After one of the hottest three-day stretches on record, Lexington-Fayette County officials decided Monday that it's too dangerous to allow residents to set off fireworks at home.
Officials in Scott and Woodford counties enacted similar bans Monday.
In Lexington, fire, police and city officials announced a fireworks ban until further notice. The ban covers the use of all common and consumer fireworks, including sparklers, snakes, bottle rockets and mortars. Setting them off could result in a $100 fine for the first offense.
"The decision we're announcing today won't be popular for everyone, but it's the right thing to do — the safe thing to do," Lexington Mayor Jim Gray said. "We must do what we can to stop the fires before they start."
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Drew Chandler, Woodford County deputy director of emergency management, said Judge-Executive John Coyle acted out of an "abundance of caution" in signing an order Monday implementing the ban. The drought is the worst Chandler can remember in at least 10 years.
The cities of Versailles and Midway are not covered by the Woodford County ban.
The five public fireworks shows permitted by the city of Lexington — including the community fireworks downtown on Wednesday, and the Red, White and Boom display Saturday at Whitaker Bank Ballpark — will proceed as scheduled.
The fireworks ban coincides with a ban on open outdoor burning that the Division of Fire and Emergency Services issued last week.
Similar bans on outdoor burning, which often include fireworks, had been enacted by more than 50 counties throughout the state by Thursday, and others are considering doing so.
Some public fireworks displays — including those in Paris, Winchester and Corbin — have been canceled.
On Monday, Lexington officials cited the extremely dry conditions and a higher than usual number of brush and mulch fires, some of which were ignited by fireworks. Temperatures topped 100 degrees last week, making it the second-hottest three-day stretch on record.
During that period, 70 fires were reported in brush, grass, leaves and trash. Since June 15, there have been 135 such fires, with 11 of those being caused by fireworks. Many more were related to lightning or cigarette butts.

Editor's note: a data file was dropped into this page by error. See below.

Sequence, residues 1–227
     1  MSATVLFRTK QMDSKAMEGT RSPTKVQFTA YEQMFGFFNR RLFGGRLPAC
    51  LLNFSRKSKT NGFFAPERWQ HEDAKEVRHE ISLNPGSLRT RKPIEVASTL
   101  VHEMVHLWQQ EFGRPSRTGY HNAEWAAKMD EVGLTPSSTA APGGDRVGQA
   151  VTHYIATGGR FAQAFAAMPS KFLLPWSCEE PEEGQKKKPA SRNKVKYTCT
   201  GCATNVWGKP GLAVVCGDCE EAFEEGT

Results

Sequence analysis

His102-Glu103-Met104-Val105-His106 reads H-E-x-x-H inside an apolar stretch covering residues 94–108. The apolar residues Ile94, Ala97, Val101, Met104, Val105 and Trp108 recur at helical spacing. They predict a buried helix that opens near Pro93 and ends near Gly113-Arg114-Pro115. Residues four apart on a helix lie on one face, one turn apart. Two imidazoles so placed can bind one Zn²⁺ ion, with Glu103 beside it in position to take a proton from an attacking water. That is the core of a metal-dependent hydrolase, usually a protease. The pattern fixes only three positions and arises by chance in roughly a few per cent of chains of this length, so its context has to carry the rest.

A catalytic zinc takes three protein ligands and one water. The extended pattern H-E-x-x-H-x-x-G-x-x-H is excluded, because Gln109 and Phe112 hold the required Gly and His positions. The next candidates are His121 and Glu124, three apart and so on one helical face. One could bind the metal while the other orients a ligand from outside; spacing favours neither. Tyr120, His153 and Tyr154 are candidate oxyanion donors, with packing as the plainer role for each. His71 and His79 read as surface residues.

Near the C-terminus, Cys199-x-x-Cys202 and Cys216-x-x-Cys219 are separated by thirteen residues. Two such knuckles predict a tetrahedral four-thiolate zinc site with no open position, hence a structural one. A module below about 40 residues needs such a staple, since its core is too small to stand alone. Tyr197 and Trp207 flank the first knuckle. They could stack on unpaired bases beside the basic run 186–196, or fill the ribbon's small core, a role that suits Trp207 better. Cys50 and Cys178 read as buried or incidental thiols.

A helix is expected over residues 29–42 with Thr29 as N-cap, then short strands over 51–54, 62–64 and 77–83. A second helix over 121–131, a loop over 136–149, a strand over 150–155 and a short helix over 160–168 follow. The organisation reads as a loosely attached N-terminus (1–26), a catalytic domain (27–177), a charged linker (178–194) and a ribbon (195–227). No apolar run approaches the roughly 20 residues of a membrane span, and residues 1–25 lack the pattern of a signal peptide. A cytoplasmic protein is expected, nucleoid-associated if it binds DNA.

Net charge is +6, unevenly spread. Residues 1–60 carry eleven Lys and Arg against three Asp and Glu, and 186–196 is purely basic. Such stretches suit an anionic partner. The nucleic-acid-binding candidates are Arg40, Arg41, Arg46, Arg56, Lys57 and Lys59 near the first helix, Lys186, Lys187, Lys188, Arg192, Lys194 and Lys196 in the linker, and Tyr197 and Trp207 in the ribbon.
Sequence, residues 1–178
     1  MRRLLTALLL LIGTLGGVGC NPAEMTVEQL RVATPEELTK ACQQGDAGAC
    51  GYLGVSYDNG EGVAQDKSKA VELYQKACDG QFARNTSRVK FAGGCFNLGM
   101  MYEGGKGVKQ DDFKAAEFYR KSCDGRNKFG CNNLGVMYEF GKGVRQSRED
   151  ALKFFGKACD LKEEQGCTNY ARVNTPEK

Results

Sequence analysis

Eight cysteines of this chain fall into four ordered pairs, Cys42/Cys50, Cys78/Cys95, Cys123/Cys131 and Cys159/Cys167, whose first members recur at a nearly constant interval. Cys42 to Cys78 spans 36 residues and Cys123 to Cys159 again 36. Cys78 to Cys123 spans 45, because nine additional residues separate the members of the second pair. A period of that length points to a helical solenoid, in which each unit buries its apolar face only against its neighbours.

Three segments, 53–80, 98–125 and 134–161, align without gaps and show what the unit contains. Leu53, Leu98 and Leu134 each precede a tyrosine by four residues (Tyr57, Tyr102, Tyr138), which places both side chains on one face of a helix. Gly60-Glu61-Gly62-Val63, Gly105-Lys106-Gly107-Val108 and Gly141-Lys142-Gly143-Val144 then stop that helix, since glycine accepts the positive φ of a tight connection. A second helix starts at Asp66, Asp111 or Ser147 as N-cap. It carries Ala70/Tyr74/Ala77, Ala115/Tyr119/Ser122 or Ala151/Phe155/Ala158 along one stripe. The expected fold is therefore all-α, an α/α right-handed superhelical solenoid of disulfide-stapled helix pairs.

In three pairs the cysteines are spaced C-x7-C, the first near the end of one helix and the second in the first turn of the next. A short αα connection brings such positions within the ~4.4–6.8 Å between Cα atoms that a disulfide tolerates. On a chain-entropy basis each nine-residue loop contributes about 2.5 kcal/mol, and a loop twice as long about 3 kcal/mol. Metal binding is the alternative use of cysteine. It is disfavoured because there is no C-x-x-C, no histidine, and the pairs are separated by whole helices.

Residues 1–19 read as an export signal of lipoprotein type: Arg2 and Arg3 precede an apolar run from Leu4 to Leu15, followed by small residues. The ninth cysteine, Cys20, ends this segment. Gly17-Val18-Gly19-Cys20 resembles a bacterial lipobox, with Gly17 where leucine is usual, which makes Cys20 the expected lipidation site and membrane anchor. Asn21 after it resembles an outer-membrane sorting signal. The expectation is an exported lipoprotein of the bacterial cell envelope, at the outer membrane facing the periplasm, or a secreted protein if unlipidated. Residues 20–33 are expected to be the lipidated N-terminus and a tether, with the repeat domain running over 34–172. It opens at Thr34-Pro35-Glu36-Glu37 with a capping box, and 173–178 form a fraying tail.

"Normally, we would have no more than a handful at that time," Gray said of the grass fires.
Battalion Chief Ed Davis said if fireworks start a fire that spreads, additional charges could be filed.
"If someone is injured in that, that could become an arson charge, or worse," Davis said.
Public Safety Commissioner Clay Mason said the ban covers all fireworks sold at roadside tents, stores and retail outlets.
"We felt like it was best to do a comprehensive ban to eliminate confusion and to provide everyone with the simplest information" until the weather improves, Mason said.
He said that he hasn't received any pushback from retailers, noting that ban doesn't affect the sale of the holiday commodities, only their use.
Mason said he expects an increase in calls about the use of fireworks, and the fire department will evaluate each call based on the size and nature of the offense. The department has said it will prioritize calls based on the number of emergencies and reports of more serious crimes.
"We are going to allocate specific resources within the police department over the next few nights as responders specifically for fireworks complaints," he said.
Lexington police Lt. Brian Maynard said calls to report fireworks offenses should be made to the department's non-emergency phone number, (859) 258-3600, rather than to 911.
In addition to the fire hazards, many residents have complained about noise, according to a news release. A city ordinance enacted last year restricted the use of fireworks to specific times, allowing them from 10 a.m. to 10 p.m. except for July 3 and 4 and Dec. 31, when fireworks may be set off until midnight.
Officials said the bans on open burning and use of fireworks will remain in effect as long as current weather conditions continue. Until then, fire officials said, property owners should keep bushes and mulch damp, and smoking materials should be disposed of properly.
"We want everyone to have fun celebrating the Fourth," Gray said. "But we want them to be safe."